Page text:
Im­port re­stric­tions fuel ram­pant smug­gling in Beit­bridge

Chronicle (Zimbabwe) - - Front Page - Mashudu Net­sianda

SMUG­GLING of com­modi­ties into the coun­try has es­ca­lated fol­low­ing the im­ple­men­ta­tion of Statu­tory In­stru­ment (SI) 64 of 2016 with the Gov­ern­ment los­ing mil­lions of dol­lars ev­ery week in un­paid cus­toms duty.

The in­stru­ment re­stricts the im­por­ta­tion of some goods pro­duced locally. But ram­pant smug­gling ac­tiv­i­ties are tak­ing place at il­le­gal cross­ing points dot­ted along the Lim­popo River, The Chron­i­cle can re­veal.

The im­port re­stric­tions which were in­tro­duced in June this year re­moved 42 prod­ucts from the open gen­eral im­port li­cence, re­strict­ing their im­por­ta­tion, as it was felt that lo­cal in­dus­try has ca­pac­ity to pro­duce them.

SI 64 of 2016 con­trols a wide ar­ray of prod­ucts among them cof­fee cream­ers, cam­phor creams, white petroleum jel­lies, body lo­tions, builders’ ware such as wheel­bar­rows, struc­tures and parts of struc­tures of iron or steel, bridges and bridge sec­tions, lock gates, lat­tice masts, roof, roof frame­works and doors.

A Chron­i­cle news crew last week vis­ited some of the un­des­ig­nated en­try points out­side Beit­bridge and estab­lished that a net­work of well-or­gan­ised syn­di­cates has in­vaded the spots.

In­ves­ti­ga­tions re­vealed that the smug­gling syn­di­cates work in ca­hoots with vil­lagers liv­ing along the border to smug­gle a wide range of goods from South Africa. The rack­e­teer­ing takes place at night un­der the nose of se­cu­rity de­tails pa­trolling the borderline.

Beit­bridge Border Post con­trib­utes 70 per­cent of all the cus­toms duty col­lected in Zim­babwe and 30 per­cent of the coun­try’s source of rev­enue comes from cus­toms duty.

At Not­ting­ham Es­tate, about 40km west of the border town, the news crew ob­served a one tonne truck be­ing loaded with smug­gled goods shortly after 8PM.

The goods, which were con­cealed un­der a con­sign­ment of or­anges, in­cluded al­co­holic bev­er­ages and boxes of cook­ing oil.

The smug­glers are tak­ing ad­van­tage of the dry Lim­popo riverbed to cross the border us­ing 4x4 vehicles.

“I get a num­ber of peo­ple who ap­proach me ev­ery week so that I help them to iden­tify il­le­gal cross­ing points to smug­gle their goods from South Africa and that is how I make a liv­ing. They usu­ally bring 4x4 vehicles to cross the dry riverbed and the goods that are be­ing smug­gled range from small gro­cery items to tele­vi­sion sets, re­frig­er­a­tors, couches,” said a villager who de­clined to re­veal his iden­tity.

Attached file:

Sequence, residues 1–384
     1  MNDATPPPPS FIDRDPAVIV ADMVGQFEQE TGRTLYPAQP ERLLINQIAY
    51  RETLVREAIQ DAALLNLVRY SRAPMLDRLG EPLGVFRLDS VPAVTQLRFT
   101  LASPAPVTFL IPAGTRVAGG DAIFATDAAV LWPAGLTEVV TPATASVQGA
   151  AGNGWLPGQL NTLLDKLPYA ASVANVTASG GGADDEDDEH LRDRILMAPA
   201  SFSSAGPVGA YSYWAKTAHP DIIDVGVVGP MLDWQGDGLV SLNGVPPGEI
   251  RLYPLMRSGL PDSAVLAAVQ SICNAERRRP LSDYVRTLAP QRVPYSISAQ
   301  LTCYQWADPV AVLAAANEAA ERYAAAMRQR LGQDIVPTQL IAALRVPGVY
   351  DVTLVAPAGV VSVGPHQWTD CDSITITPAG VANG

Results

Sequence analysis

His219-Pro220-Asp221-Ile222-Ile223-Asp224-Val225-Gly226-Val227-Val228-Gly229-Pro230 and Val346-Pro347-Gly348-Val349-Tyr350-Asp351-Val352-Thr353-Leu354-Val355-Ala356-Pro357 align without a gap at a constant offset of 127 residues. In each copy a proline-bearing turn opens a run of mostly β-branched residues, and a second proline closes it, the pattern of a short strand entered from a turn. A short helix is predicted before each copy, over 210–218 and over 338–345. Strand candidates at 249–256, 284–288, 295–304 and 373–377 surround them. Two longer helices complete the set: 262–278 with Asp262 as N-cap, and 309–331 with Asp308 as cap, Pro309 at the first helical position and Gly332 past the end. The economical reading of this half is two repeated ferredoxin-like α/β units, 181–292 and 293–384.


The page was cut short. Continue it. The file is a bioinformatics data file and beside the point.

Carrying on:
An­other villager from Malale, who only iden­ti­fied him­self as Maanda, said some of the smug­glers bribed both South African and lo­cal po­lice and sol­diers pa­trolling the border on ei­ther side to fa­cil­i­tate their il­le­gal ac­tiv­i­ties.

The smug­glers risk be­ing at­tacked and robbed by crim­i­nals oper­at­ing along the cor­ri­dor with an es­ti­mated 200 il­le­gal cross­ing points along the Lim­popo River.

Po­lice pa­trolling the border told The Chron­i­cle that hardly a week passes by with­out a smug­gler or border jumper be­ing re­ported to have been mugged or robbed by crim­i­nals.

The smug­gling is fu­elled by vil­lagers who live within the border area.

“It doesn’t make sense for me to travel be­tween 80km and 100km to Beit­bridge Border Post to buy gro­ceries when I can sim­ply walk across the river for less than 10km and bring the items with­out the has­sles of go­ing through the rig­or­ous cus­toms and im­mi­gra­tion pro­cesses,” said one villager.

Some of the home­steads at Dumba and Mawale vil­lagers are be­ing used as “ware­houses” for smug­gled goods.

The goods are re­port­edly smug­gled at night and tem­po­rar­ily kept at some home­steads as the own­ers mon­i­tored the sit­u­a­tion.

A Zim­babwe Rev­enue Author­ity (Zimra) of­fi­cial who re­quested anonymity ad­mit­ted that smug­gling syn­di­cates were dodg­ing the border.

“It’s dif­fi­cult to mon­i­tor smug­gling be­cause there are so many cross­ing points along the Lim­popo River,” he said.

Beit­bridge Border Post is the big­gest port of en­try in Sub-Sa­ha­ran Africa link­ing Zim­babwe to South Africa.

Sus­pected smug­glers make their way from Dumba Vil­lage in Beit­bridge to the Lim­popo River on don­key-drawn carts to col­lect goods smug­gled from South Africa. The bad state of the roads makes them in­ac­ces­si­ble to cars. (Pic­ture by Obey Sibanda)

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